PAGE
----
New mothers will benefit from additional mental health support as Cornwall and Isles of Scilly have been chosen as 1 of 10 pilot sites in the UK to receive NHS England and NHS improvement investment, for the development and testing of maternal mental health services.
The announcement was made after a collaborative bid across the local maternity system led by Royal Cornwall Hospitals NHS Trust (RCHT) and Cornwall Partnership NHS Foundation Trust (CFT).
As a pilot site, the perinatal mental health team in Cornwall will lead the way in partnership with RCHT’s integrated women requiring extra nurturing team (WREN), in achieving the ambitions for maternal mental health laid out in the NHS long term plan.
The investment awarded will enable the team to strengthen their services and help more women experiencing moderate to complex mental health difficulties arising from, or related to the maternity experience. As a pilot site, development and learning from their cases will be followed closely to support a full roll out of perinatal mental health services across the UK by 2023/24.
Mandy Raywood is a specialist perinatal mental health service manager at CFT. Her team works with women who develop mental illness in the perinatal period and integrates maternity, reproductive health, and psychological teams, offering consultation, therapy and targeted interventions.
Mandy is excited to see the difference becoming a pilot site will make to services already established.
“1 in 4 women experience mental health problems in pregnancy and during the 24 months after giving birth. The consequences of not accessing high quality perinatal mental health care in the early stages of pregnancy can result in extremely serious problems that have a huge impact on women, their babies and their families.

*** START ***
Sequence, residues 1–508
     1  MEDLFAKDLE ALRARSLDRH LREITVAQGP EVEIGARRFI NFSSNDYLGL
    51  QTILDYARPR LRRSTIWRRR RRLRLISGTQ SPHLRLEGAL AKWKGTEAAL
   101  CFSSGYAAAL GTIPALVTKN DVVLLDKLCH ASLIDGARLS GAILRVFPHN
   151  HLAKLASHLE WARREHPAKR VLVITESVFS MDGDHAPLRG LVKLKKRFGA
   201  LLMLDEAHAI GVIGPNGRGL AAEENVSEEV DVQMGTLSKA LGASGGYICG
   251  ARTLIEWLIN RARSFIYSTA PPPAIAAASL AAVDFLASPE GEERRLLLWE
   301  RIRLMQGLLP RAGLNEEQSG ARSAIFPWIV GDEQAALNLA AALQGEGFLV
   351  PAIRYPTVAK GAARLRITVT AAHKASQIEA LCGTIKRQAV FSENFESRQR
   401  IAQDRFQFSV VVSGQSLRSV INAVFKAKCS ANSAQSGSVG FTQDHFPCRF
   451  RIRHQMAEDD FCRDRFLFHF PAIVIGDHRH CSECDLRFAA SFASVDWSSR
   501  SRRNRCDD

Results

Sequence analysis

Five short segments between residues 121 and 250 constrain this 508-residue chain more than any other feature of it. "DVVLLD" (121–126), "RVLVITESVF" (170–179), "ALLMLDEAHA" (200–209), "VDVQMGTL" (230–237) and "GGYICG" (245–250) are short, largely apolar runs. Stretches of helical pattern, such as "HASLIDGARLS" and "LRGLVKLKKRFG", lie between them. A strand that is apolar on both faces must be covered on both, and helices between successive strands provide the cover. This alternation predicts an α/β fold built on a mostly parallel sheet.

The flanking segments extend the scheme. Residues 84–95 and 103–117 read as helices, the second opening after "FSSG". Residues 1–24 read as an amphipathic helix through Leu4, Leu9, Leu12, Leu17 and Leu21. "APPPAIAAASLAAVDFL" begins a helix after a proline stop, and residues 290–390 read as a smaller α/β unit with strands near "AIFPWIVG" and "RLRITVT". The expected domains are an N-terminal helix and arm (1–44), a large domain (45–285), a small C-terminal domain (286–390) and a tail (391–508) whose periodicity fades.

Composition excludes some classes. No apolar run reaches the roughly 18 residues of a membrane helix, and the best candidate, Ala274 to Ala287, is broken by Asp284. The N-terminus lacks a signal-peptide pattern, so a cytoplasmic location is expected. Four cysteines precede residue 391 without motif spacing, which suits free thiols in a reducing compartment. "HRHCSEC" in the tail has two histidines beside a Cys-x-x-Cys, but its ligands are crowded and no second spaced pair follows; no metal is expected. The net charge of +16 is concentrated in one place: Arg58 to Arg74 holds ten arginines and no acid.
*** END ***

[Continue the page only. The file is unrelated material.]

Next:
“We already have teams working together to support vulnerable women in the county, but we know there are some women we don’t have the resources to get to.
"As a pilot site we will be able to strengthen our workforce and track the efficiency of treatment plans. Ultimately this will create a better maternal mental health offering for women in Cornwall as well as the rest of the country.”
Mandy’s team has helped people like 36 year old Claire, whose children are now 3 and 4 years old. Claire was referred to the team having had a traumatic birth experience with her first child which led to an ongoing disability. She was overwhelmed with the responsibility of having a new baby, not only because of the practicalities of her physical injuries, but the impact of her own difficult childhood was being triggered by becoming a mother herself. Added to which, shortly after her first baby was born, she found out she was pregnant with her second. The shock of the situation she found herself in led her to feel unable to cope and she was suicidal. Claire says the team saved her.
“I was in a very dark place and was struggling to bond with my baby. The perinatal mental health team (which is part of Cornwall’s maternal mental health service) were able to suggest and provide specialist services to wrap around me in a personalised care plan. This helped to make me feel less of a failure and gave me the confidence to parent my children and to start the process of reducing the self-doubt.”
Claire was supported by a psychiatrist, occupational therapist and a psychologist, she said, “I have a great bond with my children now, we are a happy family and I know I am a good mum. That is all thanks to the team.”